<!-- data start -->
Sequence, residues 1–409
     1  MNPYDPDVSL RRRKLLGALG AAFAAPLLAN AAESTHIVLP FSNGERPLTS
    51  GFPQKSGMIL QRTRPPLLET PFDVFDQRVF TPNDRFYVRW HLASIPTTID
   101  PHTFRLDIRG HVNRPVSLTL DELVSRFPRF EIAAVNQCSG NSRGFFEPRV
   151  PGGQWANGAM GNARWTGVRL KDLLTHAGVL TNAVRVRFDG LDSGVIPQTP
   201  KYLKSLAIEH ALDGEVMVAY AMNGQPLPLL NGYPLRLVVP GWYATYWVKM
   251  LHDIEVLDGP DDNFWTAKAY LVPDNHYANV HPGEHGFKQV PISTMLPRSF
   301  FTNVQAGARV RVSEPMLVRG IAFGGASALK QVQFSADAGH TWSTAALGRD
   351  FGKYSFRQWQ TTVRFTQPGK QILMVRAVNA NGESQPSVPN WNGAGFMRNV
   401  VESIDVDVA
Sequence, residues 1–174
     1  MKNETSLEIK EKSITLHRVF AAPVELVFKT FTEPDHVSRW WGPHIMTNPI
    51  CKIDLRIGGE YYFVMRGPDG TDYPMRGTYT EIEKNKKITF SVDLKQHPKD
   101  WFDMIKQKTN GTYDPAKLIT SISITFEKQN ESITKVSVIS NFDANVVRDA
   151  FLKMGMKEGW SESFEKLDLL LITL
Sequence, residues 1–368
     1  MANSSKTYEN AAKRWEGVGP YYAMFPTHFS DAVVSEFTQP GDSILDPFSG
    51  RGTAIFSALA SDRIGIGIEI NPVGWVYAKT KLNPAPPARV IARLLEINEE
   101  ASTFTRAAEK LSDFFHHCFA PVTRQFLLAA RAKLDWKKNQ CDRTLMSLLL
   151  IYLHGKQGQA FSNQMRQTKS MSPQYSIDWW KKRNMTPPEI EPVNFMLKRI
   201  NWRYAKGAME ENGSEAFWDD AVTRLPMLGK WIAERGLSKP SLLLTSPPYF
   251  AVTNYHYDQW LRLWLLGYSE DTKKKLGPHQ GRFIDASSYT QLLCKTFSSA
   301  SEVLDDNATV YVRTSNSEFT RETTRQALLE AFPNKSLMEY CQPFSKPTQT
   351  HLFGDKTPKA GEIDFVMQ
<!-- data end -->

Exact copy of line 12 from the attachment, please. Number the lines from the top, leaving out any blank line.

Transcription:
     1  MKNETSLEIK EKSITLHRVF AAPVELVFKT FTEPDHVSRW WGPHIMTNPI